I was intending to post the 10-spot ladybird I found noodling around the photinia this morning, because it's always nice to see one of the less common ladybirds. But every time I look at this weevil in its little dark boots I find myself smiling, and I know that R loves it too, so in the end I've relegated the ladybird to the extras. I can't tell you very much about the weevil except that it's called Oxystoma pomonae, and it's usually found in association with various forms of vetch, which are its preferred larval foodplants. I can't think why it would be hanging about in my garden, but it's possible that it (or its wife) may have laid its eggs into the pods of my perennial pea. This specimen was about 3mm long, and and didn't care at all for having its photo taken.
It's National Poetry Day here in the UK, and I hope that these lines by Mary Oliver, the great American poet of the natural world, might speak to you as much as they do to me:
When loneliness comes stalking, go into the fields, consider
the orderliness of the world.
Notice something you have never noticed before,
like the tambourine sound of the snow-cricket
whose pale green body is no longer than your thumb.
Stare hard at the hummingbird, in the summer rain,
shaking the water-sparks from its wings.
Let grief be your sister, she will wither or not.
Rise up from the stump of sorrow, and be green also,
like the diligent leaves.
A lifetime isn’t long enough for the beauty of this world
and the responsibilities of your life.
Scatter your flowers over the graves, and walk away.
Be good-natured and untidy in your exuberance.
In the glare of your mind, be modest.
And beholden to what is tactile, and thrilling.
Live with the beetle, and the wind.
Excerpt from The Leaf and the Cloud: a Poem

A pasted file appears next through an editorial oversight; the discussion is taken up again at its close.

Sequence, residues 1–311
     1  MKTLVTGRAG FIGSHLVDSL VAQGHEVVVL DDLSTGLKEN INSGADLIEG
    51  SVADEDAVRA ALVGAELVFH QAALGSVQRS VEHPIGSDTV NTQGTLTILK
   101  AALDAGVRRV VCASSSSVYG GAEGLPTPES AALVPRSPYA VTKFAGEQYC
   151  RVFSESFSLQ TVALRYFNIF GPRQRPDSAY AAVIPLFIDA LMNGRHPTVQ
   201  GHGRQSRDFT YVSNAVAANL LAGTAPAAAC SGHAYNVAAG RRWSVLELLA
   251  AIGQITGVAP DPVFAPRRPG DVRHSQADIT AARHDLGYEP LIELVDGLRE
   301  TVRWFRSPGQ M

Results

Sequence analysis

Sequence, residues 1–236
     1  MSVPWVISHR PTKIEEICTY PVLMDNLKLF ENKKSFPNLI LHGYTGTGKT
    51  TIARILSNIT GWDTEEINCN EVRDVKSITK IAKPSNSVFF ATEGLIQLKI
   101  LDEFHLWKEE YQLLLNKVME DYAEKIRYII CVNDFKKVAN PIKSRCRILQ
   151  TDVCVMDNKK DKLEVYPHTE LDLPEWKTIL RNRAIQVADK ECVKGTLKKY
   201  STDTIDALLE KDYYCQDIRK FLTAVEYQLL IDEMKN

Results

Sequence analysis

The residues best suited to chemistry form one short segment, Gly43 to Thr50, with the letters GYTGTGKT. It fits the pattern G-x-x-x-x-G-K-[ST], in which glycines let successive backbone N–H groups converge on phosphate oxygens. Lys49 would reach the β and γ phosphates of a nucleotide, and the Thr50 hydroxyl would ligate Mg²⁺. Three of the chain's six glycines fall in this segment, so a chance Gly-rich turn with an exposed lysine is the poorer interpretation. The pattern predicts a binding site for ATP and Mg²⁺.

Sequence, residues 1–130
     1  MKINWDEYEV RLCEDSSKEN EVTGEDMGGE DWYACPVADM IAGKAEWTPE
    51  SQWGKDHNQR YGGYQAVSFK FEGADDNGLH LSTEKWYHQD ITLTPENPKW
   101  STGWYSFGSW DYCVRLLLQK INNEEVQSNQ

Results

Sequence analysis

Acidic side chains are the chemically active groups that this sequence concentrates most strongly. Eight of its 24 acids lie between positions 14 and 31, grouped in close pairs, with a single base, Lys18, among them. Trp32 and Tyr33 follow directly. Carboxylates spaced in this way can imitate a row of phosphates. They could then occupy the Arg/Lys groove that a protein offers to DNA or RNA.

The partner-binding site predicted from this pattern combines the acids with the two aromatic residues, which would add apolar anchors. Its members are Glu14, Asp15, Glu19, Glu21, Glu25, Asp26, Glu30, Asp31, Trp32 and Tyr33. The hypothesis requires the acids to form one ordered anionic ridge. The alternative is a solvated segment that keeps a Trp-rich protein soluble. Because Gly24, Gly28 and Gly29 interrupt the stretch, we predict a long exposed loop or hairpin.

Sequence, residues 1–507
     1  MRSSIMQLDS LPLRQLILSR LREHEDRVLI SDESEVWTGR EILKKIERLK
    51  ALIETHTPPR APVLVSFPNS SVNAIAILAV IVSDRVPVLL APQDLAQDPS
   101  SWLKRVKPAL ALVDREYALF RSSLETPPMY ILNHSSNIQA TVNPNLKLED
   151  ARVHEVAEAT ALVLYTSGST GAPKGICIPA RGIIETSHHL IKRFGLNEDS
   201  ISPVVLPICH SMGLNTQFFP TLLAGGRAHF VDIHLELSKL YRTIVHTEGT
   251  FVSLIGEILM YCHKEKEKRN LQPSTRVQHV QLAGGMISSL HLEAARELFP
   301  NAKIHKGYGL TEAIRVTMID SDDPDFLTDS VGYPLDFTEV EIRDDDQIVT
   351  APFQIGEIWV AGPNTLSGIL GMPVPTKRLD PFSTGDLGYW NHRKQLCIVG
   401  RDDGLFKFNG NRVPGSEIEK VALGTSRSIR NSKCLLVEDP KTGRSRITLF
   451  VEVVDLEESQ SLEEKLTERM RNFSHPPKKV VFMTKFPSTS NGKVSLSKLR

Mary Oliver (1935-2019)
And finally, this week's Tiny Tuesday results. Many thanks to everyone who's participated in this challenge over the five weeks I've been hosting - it's been great fun for me, and I hope that you've found plenty to interest you in looking for tiny things to photograph.
In no particular order, my hearts this week go to:
Hevkk - for a handsome carder bee, wearing what my mother would have described as "a very cunning hat".
suejay50 - for a terrific portrait of an ant (scratch, scratch).
Miranda1008 - for another perfectly lit and shot portrait of a tiny wild flower.
Marlieske - for the exuberantly pink and orange blooms of the spindle tree.
AnnieBelle - for an intriguing photo of some green lacewing eggs, accompanied by a fascinating write-up.
And - again, in no particular order - my Honourable Mentions this week go to:
Helwild - for a lovely shiny conker, still in its case,
otornblom - for a knitting dinosaur - who knew that they could do that?!
Technophobe - for an enticing close-up of some fresh corn.
Chris_P - for an extremely dramatic pencil point.
BanksiaMan - for a mealybug producing a drop of honeydew.
rainie - for tiny raindrops on misty bluebells.
Please take a few minutes to view and admire these photos - they will repay your time! And please do follow KangaZu, who will be your Tiny Tuesday host for the rest of this month.